Can cold water immersion reduce muscle soreness?

Can cold water immersion reduce muscle soreness?

I’m sure you will have heard about the idea of plunging yourself into cold water after exercise (cryotherapy) in order to avoid the dreaded DOMS (Delayed Onset of Muscular Soreness). Have you ever wondered if this actually works? It is one of the most popular anti-DOMS methods, and involves the subject being immersed in water at a temperature below 15oC post-exercise.
The theory behind cryotherapy involves constriction of blood vessels and a reduction in metabolic activity, which acts to reduce swelling and tissue breakdown. Due to the fast return of blood flow to the tissues after being in contact with such cold temperatures, harmful metabolic debris gets flushed from your muscles.

 A recent study (1) attempted to determine the effects of cold-water immersion in the management of muscle soreness after exercise. A plethora of publications were analysed by a number of researchers in order to examine the efficacy of this form of therapy. The authors independently evaluated the quality of each study and obtained the collected data.
Existing publications were sourced from a number of databases and registers, and the authors scrutinized their methods and results. The studies involved randomised and quasi-randomised trials which compared the effect of post-exercise cryotherapy, no intervention, warm water immersion, active recovery, compression, varying duration and contrast immersion. The measurable outcomes were muscle soreness and subjective recovery.
In total there were seventeen trials, which involved 366 participants. It was concluded that the study quality was low as there was variation in the temperature, duration and frequency of cold-water immersion between trials. There was also variation in exercise and settings between trials.

Fourteen studies compared cryotherapy against ‘no intervention’, and pooled results show a statistically significant difference in muscle soreness in favour of cold-water immersion after exercise. Two studies found that cryotherapy resulted in significantly lower rating of fatigue and improved ratings of recovery immediately after immersion.
Five studies comparing cold-water with contrast immersion, showed no differences between the two groups at four follow-up times (immediately, 24, 48 and 72 hours after treatment). There were similar findings from four studies comparing cold-water against warm-water immersion.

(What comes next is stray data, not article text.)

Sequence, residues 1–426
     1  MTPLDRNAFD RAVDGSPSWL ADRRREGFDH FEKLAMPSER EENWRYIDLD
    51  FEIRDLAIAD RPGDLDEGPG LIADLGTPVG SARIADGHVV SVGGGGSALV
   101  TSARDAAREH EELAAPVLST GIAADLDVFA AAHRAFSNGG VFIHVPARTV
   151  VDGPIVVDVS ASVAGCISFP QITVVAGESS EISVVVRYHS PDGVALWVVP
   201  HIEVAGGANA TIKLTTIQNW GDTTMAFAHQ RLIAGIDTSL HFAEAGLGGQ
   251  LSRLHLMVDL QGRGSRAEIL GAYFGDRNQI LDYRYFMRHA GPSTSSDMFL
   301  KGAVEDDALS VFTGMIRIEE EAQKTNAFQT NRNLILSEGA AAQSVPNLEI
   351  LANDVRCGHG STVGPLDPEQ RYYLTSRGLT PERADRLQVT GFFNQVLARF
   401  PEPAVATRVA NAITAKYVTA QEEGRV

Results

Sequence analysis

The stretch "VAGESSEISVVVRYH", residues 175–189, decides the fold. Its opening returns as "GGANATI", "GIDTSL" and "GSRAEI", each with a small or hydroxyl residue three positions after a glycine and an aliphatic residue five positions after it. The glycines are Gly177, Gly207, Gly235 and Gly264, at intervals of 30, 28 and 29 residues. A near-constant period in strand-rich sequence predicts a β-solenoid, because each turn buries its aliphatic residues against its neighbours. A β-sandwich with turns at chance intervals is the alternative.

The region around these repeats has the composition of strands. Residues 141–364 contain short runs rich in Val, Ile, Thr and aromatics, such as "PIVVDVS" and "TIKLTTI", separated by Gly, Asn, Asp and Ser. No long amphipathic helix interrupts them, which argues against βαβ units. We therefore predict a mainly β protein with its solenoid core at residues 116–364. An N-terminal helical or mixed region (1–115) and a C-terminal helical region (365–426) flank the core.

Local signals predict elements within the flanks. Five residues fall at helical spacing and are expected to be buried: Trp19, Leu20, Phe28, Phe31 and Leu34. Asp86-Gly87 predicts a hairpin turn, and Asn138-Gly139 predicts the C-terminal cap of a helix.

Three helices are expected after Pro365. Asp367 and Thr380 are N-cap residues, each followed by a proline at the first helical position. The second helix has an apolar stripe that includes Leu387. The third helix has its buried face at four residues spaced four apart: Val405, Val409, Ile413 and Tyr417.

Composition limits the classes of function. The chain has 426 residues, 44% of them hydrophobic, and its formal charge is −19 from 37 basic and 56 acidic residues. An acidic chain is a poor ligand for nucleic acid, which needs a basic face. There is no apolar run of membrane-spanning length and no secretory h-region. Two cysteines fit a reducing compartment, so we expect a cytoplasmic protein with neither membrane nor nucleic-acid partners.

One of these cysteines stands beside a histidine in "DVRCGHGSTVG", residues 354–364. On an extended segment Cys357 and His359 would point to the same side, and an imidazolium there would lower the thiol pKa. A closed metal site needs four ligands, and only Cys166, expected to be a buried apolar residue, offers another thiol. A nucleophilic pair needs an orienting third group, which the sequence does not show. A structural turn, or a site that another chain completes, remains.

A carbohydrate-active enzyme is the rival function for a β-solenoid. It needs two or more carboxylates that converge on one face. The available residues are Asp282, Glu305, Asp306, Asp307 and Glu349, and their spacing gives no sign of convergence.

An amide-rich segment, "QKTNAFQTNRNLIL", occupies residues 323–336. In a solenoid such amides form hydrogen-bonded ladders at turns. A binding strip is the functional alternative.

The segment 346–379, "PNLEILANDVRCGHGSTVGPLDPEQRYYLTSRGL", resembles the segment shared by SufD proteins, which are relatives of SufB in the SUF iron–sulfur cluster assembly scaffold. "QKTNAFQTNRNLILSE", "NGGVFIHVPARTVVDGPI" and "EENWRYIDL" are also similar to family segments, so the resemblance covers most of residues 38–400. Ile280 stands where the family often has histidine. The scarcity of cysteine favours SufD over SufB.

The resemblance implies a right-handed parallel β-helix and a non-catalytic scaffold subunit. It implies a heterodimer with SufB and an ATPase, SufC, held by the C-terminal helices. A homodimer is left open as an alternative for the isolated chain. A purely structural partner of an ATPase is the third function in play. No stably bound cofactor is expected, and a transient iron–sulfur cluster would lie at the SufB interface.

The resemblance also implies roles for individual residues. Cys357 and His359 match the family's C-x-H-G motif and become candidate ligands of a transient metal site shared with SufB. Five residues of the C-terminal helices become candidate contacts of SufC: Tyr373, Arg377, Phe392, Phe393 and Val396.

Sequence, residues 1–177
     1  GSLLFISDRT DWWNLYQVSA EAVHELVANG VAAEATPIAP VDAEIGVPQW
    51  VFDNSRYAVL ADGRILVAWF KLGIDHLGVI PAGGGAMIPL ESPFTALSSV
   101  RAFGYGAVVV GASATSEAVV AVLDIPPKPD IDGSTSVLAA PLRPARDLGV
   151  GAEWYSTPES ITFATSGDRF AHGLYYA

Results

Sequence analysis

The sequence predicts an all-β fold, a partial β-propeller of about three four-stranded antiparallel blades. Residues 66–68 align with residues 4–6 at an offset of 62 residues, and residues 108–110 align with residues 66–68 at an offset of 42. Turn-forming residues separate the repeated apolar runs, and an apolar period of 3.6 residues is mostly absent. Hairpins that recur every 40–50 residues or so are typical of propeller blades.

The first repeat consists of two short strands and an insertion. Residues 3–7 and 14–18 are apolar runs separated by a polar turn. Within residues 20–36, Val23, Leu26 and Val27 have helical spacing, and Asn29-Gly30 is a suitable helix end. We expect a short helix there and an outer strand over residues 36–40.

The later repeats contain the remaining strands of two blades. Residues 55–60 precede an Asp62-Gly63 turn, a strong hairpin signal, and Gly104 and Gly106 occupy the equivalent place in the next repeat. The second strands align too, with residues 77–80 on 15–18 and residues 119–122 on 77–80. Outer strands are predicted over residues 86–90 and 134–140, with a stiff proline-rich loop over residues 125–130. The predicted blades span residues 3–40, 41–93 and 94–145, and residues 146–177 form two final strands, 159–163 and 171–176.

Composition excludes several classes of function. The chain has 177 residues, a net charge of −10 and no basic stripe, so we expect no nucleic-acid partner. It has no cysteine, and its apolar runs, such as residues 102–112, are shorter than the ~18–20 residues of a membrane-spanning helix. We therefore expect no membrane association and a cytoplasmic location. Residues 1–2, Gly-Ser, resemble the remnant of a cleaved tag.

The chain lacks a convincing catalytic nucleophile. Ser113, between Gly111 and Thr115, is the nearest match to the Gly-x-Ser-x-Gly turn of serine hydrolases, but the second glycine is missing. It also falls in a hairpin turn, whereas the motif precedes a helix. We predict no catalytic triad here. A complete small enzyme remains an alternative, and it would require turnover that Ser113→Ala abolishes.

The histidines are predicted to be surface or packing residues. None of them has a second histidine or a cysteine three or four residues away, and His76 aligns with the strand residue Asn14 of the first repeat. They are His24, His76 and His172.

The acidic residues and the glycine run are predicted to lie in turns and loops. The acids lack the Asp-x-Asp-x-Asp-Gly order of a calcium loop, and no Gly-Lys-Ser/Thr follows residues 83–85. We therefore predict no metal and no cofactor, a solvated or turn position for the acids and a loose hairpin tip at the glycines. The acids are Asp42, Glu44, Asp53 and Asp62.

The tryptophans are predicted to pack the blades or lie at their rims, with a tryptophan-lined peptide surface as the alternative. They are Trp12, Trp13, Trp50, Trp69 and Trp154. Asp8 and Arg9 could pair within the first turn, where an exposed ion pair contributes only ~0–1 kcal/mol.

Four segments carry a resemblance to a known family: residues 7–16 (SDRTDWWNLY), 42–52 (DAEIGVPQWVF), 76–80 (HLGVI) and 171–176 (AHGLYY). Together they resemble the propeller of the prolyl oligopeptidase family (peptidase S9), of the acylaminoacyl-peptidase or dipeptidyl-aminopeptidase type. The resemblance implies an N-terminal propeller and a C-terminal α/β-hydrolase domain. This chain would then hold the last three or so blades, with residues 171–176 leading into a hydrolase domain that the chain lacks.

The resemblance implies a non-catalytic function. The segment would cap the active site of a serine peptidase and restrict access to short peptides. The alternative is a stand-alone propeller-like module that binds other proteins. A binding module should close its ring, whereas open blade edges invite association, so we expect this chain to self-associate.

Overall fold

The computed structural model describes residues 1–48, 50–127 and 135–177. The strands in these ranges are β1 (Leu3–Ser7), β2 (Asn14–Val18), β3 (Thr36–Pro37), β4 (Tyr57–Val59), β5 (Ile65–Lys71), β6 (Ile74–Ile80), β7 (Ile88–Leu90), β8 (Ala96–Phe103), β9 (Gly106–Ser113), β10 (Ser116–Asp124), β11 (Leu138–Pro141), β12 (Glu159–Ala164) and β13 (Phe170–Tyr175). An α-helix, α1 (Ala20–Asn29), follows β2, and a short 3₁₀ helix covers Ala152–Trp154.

The authors of this study concluded that there was some evidence that cold-water immersion can reduce delayed onset of muscular soreness post-exercise, when compared to passive interventions involving rest or no intervention. There was a lack of significant evidence in order to make conclusions about further possible outcomes. Many of the trials failed to carry out sufficient monitoring of pre-defined indicators.

Our Comments

This examination of studies concluded that a lot more research into cryotherapy is required in order to acquire significant data. Many of the studies failed to standardise test variables to ensure that the results could be seen as reliable.

Investigations into therapies such as this, where results are based upon subjective scales, are always going to face scepticism. It is very hard to ensure the validity of subjective tests (such as fatigue and recovery), as feelings can be easily affected day-to-day and can be influenced by uncontrollable factors outside of the trial.
Another recent study (2), which analysed the effects of cold-water therapy after soccer training, also found a lack of significant evidence; however it did find that cryotherapy appeared to reduce the perception of fatigue after the training session.
Further study into cold-water immersion therapy should include a more controlled protocol and implement measures to increase effective repeatability, as well as an increased number of performance indicators.
How could cryotherapy aid in improving muscle development? If application of cryotherapy can reduce fatigue and increase recovery, this would give the potential to increase training intensity and frequency allowing for greater progression in strength and size.
Cryotherapy could prove to be a revolutionary performance enhancing tool, once more evidence has been found to support its effects.
Author: David Rowse
1. Bleakley C, McDonough S, Gardner E, Baxter GD, Hopkins JT, Davison GW. (2012) Cold-water immersion (cryotherapy) for preventing and treating muscle soreness after exercise. Cochrane Database Syst Rev. Feb 15;2 2. De Nardi M, La Torre A, Barassi A, Ricci C, Banfi G. (2011) Effects of cold-water immersion and contrast-water therapy after training in young soccer players. J Sports Med Phys Fitness Dec;51(4):609-15
© 2012, David Rowse. All rights reserved.